Although pickleball was invented in 1965 the sport with a funny name was slow to catch on. Fast-forward 58 years later, pickleball is the fastest-growing sport in the world. In the past two years, major celebrities including LeBron James, Tom Brady, Patrick Mahomes, Kevin Durant and Heidi Klum have all invested in Major League Pickleball, as the sport – appealing to young and old, rich or poor – has become a big business.

Whereas tennis takes years to get bad, and many, many more to advance to the ranks of average, pickleball’s learning curve is much flatter, seemingly turning newcomers into champions overnight.

“It's just kind of easier to get into versus tennis,” said Adam Ratcliff, an at-large board member of the Pickleball Guam Association, the sport's official governing body on the island. “With tennis, there’s a lot of practice before you can rally and hit it back and forth. Pickleball is kind of easier to get up and play, get the heart beating, and get some good physical activity while also having fun.”

On Wednesday night at the Guam National Tennis Center, 32 of Guam’s intermediate and advanced players competed in the PGA's first dedicated league.

“We just started last week,” Ratcliff said. “We're going to be doing it for six weeks. It's going to be four weeks of regular season, followed by two weeks of playoffs.”

A swinging league

Earlier this year, when the PGA decided it was going to start a league, they really didn’t know if there was enough interest. Soon after posting a flyer to their WhatsApp group, more than enough people came forward and the PGA Inaugural Pickleball League was born. In fact, there was so much interest that there weren't enough spots for everyone who wanted to join. But, rest assured, another league is just around the corner.

When Ratcliff arrived on Guam with the U.S. Navy about a year ago, he had only tried pickleball once. 

“When I moved here, I'd heard that there was pickleball. So I came to the Tamuning courts, came out and played, and fell in love, and have been playing ever since,” said Ratcliff, who played tennis for the NCAA Division III Hendrix College Warriors in Fayetteville, Arkansas, a decade ago. “Pickleball is fun because you're always playing with different people.”

Madeline “Ronni” Connelly, PGA president, said, in addition to the new league, the PGA is heralding the word and championing the sport’s growth. She and the PGA have started a grassroots campaign in the island’s schools and hope to unveil pickleball as an official high school sport.

“If you can get some of your top players playing now at a high school, and then now you're going to get your elementary (students) and they'll be the ones ready for the Olympics,” Connelly said.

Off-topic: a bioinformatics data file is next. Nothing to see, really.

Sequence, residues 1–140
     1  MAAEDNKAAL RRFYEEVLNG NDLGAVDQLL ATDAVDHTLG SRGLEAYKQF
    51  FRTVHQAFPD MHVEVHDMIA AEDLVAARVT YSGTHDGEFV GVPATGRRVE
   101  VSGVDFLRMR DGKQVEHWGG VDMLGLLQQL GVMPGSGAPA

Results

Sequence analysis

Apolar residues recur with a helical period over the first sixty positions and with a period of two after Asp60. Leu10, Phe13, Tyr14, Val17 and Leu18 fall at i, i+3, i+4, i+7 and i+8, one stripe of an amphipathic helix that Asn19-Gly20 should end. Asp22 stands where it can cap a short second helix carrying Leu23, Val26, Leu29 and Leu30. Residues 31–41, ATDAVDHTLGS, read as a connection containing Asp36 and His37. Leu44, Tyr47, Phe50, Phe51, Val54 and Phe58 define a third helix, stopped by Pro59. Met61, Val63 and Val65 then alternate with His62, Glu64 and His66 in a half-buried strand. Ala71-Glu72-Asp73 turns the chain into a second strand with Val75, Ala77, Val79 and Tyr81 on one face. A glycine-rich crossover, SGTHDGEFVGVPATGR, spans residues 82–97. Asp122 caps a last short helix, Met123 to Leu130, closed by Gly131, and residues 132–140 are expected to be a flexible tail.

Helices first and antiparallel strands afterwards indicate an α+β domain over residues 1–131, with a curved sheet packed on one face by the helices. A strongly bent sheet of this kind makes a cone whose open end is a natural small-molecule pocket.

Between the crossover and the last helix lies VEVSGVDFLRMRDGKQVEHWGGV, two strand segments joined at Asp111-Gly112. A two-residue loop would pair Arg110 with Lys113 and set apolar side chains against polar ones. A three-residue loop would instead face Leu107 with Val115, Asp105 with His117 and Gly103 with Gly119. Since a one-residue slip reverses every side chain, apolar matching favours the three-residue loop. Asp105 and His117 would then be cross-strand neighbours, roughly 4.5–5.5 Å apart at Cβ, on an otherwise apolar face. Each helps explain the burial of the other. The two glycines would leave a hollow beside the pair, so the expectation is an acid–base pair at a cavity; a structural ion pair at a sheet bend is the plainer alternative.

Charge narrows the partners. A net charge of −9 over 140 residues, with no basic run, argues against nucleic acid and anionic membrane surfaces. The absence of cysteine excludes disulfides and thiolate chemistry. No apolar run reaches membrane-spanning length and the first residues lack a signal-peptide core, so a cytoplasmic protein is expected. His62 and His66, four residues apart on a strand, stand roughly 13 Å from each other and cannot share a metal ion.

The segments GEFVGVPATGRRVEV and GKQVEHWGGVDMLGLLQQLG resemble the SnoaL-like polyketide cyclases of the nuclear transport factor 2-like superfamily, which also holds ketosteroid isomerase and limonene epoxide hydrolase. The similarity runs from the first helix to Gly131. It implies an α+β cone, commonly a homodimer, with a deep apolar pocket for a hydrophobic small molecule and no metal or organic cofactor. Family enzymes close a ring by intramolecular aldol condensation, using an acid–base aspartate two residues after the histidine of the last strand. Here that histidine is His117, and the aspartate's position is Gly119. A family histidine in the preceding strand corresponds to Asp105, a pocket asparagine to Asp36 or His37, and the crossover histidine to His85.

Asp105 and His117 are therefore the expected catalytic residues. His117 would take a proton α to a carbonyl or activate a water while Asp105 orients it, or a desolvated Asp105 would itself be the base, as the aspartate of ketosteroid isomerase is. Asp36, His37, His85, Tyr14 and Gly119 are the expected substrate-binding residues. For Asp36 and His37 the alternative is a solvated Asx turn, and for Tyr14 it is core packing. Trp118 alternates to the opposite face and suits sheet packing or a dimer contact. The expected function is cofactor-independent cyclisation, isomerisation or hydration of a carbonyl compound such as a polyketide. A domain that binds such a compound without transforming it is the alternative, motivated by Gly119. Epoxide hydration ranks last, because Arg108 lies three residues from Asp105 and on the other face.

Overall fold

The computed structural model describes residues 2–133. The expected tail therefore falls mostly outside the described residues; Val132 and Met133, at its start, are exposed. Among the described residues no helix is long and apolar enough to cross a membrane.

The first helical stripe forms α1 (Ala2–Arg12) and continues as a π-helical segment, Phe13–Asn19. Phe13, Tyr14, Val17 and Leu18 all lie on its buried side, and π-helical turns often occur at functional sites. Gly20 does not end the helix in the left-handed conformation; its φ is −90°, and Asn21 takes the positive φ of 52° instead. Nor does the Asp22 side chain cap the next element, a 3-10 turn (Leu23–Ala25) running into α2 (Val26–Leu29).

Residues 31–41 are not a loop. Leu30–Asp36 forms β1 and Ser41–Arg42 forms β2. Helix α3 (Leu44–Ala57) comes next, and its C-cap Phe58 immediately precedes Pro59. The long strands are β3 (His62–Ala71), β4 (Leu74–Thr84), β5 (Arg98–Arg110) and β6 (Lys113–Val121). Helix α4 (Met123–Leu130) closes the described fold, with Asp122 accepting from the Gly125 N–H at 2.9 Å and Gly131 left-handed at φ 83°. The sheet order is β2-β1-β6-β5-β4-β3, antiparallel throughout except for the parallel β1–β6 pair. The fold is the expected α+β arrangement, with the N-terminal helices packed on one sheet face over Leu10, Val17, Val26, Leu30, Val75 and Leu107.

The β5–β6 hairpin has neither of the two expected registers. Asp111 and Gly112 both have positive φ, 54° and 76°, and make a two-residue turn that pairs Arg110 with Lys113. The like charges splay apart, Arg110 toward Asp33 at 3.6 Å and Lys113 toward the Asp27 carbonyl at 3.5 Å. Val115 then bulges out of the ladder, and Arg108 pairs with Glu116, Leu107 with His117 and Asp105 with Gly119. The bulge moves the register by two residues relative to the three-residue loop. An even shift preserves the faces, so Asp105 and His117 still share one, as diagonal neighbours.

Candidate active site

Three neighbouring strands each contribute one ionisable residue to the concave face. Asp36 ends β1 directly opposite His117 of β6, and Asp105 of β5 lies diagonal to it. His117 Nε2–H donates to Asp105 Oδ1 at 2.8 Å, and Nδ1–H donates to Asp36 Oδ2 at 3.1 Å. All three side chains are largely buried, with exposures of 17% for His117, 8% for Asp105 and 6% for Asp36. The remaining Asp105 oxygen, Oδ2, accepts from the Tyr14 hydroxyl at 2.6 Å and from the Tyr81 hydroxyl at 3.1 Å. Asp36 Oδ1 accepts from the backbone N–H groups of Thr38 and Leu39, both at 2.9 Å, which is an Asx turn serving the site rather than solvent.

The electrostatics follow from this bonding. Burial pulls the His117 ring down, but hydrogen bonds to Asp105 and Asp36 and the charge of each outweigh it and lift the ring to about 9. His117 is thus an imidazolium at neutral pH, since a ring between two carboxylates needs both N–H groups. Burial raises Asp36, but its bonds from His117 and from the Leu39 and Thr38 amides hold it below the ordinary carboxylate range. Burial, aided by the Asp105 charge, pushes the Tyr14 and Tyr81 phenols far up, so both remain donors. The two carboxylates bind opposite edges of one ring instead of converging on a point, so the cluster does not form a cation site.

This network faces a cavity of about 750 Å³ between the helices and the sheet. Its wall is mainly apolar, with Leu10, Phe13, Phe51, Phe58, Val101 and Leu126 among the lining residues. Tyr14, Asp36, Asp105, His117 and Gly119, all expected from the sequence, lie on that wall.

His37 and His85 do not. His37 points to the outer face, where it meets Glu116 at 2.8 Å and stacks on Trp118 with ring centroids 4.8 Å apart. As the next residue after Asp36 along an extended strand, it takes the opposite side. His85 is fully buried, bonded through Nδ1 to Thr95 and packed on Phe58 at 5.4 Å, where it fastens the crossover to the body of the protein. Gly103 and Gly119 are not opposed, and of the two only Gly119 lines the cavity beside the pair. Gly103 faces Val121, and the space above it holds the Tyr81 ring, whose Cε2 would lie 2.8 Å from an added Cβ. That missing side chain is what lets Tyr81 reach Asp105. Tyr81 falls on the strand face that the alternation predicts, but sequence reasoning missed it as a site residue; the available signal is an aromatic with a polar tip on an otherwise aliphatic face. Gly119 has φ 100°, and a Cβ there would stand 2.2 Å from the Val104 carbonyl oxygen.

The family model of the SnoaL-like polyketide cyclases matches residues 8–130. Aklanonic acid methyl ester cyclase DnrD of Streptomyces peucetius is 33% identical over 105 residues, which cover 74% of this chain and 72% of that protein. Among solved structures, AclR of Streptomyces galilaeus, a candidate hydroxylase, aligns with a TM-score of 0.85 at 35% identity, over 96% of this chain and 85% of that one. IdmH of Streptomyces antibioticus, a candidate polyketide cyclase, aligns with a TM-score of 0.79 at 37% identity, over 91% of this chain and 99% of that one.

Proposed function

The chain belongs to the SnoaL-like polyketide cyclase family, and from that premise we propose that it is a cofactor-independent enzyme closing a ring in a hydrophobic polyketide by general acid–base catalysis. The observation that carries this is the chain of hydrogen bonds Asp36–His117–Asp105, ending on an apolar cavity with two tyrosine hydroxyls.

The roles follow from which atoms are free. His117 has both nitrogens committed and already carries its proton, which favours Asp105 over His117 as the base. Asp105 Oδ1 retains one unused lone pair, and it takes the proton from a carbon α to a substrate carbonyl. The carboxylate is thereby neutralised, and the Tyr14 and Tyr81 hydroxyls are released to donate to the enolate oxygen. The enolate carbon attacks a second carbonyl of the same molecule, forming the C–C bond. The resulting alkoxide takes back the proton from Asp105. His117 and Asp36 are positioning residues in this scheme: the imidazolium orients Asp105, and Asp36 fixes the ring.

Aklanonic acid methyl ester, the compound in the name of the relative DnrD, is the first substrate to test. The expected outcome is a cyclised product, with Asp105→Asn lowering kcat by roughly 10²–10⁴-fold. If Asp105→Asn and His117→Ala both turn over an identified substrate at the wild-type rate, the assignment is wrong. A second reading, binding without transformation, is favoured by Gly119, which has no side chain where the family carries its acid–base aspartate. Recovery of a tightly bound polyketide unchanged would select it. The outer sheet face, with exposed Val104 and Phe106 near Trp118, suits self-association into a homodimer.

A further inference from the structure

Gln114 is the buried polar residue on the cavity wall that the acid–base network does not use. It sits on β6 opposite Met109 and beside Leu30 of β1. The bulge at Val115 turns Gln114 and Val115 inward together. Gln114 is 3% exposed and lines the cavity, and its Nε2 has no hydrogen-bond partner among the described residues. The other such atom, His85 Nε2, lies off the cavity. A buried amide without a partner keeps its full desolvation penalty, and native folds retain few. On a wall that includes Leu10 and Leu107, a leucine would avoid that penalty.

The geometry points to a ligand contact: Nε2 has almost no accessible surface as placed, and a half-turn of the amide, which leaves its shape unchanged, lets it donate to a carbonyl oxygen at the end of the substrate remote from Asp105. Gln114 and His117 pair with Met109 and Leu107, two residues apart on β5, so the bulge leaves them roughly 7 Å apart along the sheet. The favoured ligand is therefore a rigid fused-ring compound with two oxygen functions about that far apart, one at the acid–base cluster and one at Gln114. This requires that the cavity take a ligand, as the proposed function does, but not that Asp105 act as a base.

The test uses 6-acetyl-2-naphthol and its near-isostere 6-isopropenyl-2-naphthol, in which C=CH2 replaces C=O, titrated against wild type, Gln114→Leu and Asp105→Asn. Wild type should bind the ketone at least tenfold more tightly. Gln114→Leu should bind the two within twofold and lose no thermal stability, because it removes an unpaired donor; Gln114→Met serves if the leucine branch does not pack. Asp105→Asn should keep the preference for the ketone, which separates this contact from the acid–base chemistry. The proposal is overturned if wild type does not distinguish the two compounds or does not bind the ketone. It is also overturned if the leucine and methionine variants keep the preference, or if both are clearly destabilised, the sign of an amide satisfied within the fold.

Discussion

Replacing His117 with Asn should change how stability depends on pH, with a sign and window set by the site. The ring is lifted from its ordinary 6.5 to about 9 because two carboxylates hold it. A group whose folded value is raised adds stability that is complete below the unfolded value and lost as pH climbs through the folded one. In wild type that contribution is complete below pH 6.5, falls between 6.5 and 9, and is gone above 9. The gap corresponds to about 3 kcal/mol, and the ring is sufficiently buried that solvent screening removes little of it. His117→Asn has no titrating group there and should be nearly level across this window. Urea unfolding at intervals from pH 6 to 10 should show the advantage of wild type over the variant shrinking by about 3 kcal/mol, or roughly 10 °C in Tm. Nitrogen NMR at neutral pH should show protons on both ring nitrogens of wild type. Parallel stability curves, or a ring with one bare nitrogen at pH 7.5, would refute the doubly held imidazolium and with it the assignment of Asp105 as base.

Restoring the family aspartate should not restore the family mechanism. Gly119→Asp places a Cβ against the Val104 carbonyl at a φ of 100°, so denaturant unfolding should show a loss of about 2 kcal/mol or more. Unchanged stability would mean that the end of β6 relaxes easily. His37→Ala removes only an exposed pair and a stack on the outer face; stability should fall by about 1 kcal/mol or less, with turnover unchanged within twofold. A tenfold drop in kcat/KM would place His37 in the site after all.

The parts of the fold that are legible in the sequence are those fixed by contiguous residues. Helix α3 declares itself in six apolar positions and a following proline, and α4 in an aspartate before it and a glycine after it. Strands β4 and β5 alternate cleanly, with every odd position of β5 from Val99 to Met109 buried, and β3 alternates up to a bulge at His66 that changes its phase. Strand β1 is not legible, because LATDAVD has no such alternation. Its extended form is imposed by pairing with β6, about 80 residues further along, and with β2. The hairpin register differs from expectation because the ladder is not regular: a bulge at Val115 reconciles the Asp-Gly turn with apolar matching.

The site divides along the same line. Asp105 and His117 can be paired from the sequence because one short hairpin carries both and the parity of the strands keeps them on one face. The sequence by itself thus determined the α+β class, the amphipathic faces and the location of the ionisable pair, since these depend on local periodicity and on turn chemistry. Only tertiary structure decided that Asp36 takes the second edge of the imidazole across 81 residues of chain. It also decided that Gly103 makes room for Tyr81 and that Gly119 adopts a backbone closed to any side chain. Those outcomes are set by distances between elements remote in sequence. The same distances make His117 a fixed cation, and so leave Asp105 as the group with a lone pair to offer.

Although competing in the Olympics is the dream, Connelly knows Guam needs years of REM cycles to achieve that level of competition.

“Our big thing is, one step at a time. We don't want to be 20 years late, but we want to be on the curve moving forward,” she said. “I think that'll happen if we can get the schools kids. Like I tell the tennis coaches, ‘Hey, you have any kids? Send them our way. We'd love to start training them.’”

Rapid growth needs refuge

A couple of years ago when the PGA began, they didn’t have a dedicated facility – and they still don’t. Through the generosity of Tamuning Mayor Louise Rivera, the PGA hosts open play at the public tennis courts in Tamuning, but those are not permanent digs. Each time before play begins, volunteers create courts with masking tape and portable nets. To onlookers, this may be good enough, but, after several minutes of play, the tape lines shift and tear, creating a bit of a challenge, nothing too severe, but an annoyance.

Connelly, who couldn’t thank Guam National Tennis Federation, Guam National Tennis Center members and Rivera enough, is hopeful the Department of Parks and Recreation can help the PGA find a permanent home. Ideally, she said, she would like a 3-acre expanse to create a facility with enough room for future expansion.

“We're trying to get mayors, we're trying to get Parks and Rec,” Connelly said. “I met with them, and they're very positive. But they've been behind the eight ball for quite a while. We're looking at different parks and … places to play for families.”

Putting Guam on the map

In the past two years, Guam has competed in friendly tournaments against Saipan but had always lost to the northern neighbor. That is until recently, when Guam took home several medals. Connelly said Guam’s Derrick Alcorn won gold in singles and men’s doubles and Tomi Castillo also earned spots on the podium.

“We were really strong,” Connelly said.